WALLACE: Let's talk about the president's policy since he's come into office, though, Father Pavone. He said in his last news conference that he's trying to, quote, "tamp down the anger over abortion."

Now, while he supports choice, he has brought pro-life advocates into the White House to talk about trying to decrease unwanted pregnancies and to increase adoptions.

While he has lifted the ban on federal funding of embryonic stem cell research, he has also limited that just to embryos that would have been discarded anyway from fertility clinics.

Do you see him in any way tamping down, trying to reach some kind of accommodation here?

PAVONE: Chris, can you imagine somebody saying about the clergy sexual abuse in the Catholic Church that we should reduce the numbers of those instances but that it shouldn't be illegal?

We have to protect children. He's refusing to recognize that these children have rights. Now, I've held aborted children. I've buried them. I've picked up the broken fragments of their skulls. I don't know if Father McBrien has done that.

But the people around this country are tired of trivializing abortion. They're tired of mixed messages coming from Catholic institutions that are supposed to have a pro-life mission. We're tired of looking at abortion as just on an equal level with other issues. It's not.

And we're calling on the president to recognize that he doesn't have the authority to do anything except to strive to protect these children's rights, and he's denying that they even have them.

WALLACE: Father McBrien, do you feel that in any sense -- do you give President Obama any credit for, in a sense, trying to tamp down the anger, or -- and how to you intend to respond to the argument that the church says that the killing of children can never be justified? Doesn't that mean what it says?

MCBRIEN: Well, yes. And I agree with Father Pavone that we should never trivialize the outcome of abortions. I mean, they -- the outcome is always very, very ultimate. It's serious.

But there are other life issues that we also have to take into account. And beyond that, we have to also acknowledge that the approach that has been taken by a number in the so-called pro-life movement, which is really a pro-birth movement, has not worked.

We're looking to reduce, significantly reduce, the number of abortions. They were -- they were reduced under President Bill Clinton. They were increased under Presidents Ronald Reagan and George W. Bush .

So it's not a question of a Democratic policy or a Republican policy. It's a question of identifying the causes that lead women to feel they have no alternative but to have an abortion and to deal with those issues, to deal with poverty, to deal with child care, to deal with all the issues that make abortion more attractive, if you will, or more compelling for many women who otherwise would not have an abortion.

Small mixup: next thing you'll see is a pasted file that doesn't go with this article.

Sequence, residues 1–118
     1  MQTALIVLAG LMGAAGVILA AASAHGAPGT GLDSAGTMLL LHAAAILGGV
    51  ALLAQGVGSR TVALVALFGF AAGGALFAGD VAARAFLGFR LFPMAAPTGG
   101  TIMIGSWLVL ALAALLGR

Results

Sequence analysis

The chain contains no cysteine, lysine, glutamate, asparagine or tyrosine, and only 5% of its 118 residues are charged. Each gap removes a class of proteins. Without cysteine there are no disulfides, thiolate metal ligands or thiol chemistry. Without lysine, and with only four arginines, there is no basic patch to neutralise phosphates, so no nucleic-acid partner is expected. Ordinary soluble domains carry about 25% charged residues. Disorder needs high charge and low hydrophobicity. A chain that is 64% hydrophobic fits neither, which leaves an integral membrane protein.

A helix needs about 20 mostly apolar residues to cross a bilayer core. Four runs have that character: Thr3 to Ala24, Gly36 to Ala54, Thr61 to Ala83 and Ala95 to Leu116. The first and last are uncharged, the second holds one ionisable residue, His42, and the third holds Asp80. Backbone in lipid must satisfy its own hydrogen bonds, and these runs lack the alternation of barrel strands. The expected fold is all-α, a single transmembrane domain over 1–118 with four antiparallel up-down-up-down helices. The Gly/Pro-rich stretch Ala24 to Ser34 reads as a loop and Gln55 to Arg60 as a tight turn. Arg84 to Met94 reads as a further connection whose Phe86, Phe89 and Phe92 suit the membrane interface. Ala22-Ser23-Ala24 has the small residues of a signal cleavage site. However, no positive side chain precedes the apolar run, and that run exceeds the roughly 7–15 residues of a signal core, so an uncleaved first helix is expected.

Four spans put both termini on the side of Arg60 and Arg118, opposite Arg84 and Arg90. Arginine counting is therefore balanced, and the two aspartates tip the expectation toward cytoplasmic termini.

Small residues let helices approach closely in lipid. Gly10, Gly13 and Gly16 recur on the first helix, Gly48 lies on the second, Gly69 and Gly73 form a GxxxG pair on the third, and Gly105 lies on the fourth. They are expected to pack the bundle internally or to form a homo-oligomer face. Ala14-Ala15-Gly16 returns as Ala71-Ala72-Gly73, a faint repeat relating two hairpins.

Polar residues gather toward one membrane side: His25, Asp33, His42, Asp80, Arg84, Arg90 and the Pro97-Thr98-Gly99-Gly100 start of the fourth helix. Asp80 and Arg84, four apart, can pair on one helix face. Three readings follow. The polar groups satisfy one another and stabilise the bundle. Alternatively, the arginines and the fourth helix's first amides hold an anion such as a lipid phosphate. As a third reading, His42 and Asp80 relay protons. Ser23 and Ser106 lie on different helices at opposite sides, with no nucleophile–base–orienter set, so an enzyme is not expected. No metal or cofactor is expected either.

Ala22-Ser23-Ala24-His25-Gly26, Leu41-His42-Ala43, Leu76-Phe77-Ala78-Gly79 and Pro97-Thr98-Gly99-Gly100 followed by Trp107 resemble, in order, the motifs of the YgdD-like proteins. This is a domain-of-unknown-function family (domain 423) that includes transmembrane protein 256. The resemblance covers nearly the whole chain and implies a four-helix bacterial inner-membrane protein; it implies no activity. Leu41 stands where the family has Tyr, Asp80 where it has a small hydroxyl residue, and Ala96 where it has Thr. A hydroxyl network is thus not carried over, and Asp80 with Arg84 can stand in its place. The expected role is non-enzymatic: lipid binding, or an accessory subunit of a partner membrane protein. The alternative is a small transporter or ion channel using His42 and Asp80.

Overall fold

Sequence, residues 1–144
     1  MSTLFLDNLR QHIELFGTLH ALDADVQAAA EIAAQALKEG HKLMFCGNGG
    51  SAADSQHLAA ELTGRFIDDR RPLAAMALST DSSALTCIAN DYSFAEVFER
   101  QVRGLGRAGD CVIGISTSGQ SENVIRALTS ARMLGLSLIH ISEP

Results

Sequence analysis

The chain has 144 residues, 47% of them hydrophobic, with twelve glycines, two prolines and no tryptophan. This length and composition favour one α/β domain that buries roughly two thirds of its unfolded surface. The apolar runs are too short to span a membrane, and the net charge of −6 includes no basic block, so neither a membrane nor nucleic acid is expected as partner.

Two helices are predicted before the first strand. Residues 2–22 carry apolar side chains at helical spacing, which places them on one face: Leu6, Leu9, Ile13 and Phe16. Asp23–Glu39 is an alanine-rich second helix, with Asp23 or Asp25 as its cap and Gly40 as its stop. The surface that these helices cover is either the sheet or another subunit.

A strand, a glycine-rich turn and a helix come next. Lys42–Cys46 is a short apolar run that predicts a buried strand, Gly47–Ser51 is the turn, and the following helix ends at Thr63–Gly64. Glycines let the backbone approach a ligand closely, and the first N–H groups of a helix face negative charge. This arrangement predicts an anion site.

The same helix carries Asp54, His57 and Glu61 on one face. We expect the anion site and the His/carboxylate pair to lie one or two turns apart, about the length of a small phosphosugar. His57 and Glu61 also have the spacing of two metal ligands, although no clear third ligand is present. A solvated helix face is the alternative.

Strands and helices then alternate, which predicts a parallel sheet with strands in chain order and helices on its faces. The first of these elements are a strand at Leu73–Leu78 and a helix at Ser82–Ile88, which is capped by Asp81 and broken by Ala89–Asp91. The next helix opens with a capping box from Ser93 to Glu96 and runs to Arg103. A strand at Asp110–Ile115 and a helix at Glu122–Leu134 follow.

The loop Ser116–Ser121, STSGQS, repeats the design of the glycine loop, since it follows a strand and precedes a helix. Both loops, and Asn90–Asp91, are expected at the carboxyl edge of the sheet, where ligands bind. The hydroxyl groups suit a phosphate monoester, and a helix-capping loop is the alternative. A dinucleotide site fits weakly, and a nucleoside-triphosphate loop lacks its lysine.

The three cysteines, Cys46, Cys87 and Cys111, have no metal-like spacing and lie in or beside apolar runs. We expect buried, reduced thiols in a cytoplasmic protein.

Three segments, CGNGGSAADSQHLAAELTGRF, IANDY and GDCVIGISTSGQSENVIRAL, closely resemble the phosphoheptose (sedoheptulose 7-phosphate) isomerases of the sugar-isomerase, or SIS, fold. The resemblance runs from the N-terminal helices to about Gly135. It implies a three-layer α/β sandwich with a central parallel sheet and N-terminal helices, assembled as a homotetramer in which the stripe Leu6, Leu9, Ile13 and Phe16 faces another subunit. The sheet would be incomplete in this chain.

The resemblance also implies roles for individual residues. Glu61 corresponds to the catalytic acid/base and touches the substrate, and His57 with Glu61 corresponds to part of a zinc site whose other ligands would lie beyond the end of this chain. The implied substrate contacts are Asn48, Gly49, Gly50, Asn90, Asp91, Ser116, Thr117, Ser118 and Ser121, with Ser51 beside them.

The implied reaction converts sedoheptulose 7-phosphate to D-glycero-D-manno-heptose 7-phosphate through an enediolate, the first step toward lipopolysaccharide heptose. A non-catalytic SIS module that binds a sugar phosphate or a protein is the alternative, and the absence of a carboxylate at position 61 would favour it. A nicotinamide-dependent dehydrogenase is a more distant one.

WALLACE: Gentlemen, we've got less than two minutes left. With anything a president does, there's always a political component. I want to put up the latest Gallup poll which is interesting because for the first time in the history of Gallup surveys, it finds more Americans calling themselves pro-life than pro-choice.

Father McBrien -- and I'm going to ask you both quickly to speak to this.

Father McBrien, how do you explain that?

MCBRIEN: I can't explain it. I'm not a pollster. But I'm pro- life, too. But my pro-life position, like the U.S. Catholic bishops in their official statements every four years prior to a presidential election, includes a whole spectrum of life issues.

So when one says one is pro-life, we have to be careful that it is not confined to pro-birth, that it is pro-life across the whole spectrum from conception to death.

WALLACE: And, Father Pavone, you get the last word. How do you explain that for the first time in its history, Gallup now finds more Americans describing themselves as pro-life than pro-choice?

PAVONE: Chris, it's easy to explain. I travel to four states a week as director of Priests for Life, which is the church's largest pro-life ministry, and I see the women and men who have had abortions speaking out in the Silent No More awareness campaign saying, "Hey, I regret my abortion. I regret killing my child."

The pain is making more people pro-life. And also, these young students, including those that invited me here today to lead them in an alternate commencement ceremony -- they're aware, Chris, that they're survivors of abortion. It's very personal to them.

They were not protected when they were unborn. And today they're saying that that's got to change for our unborn brothers and sisters. We've lost thousands. We've lost friends. We've lost classmates. And they're speaking up all across the country.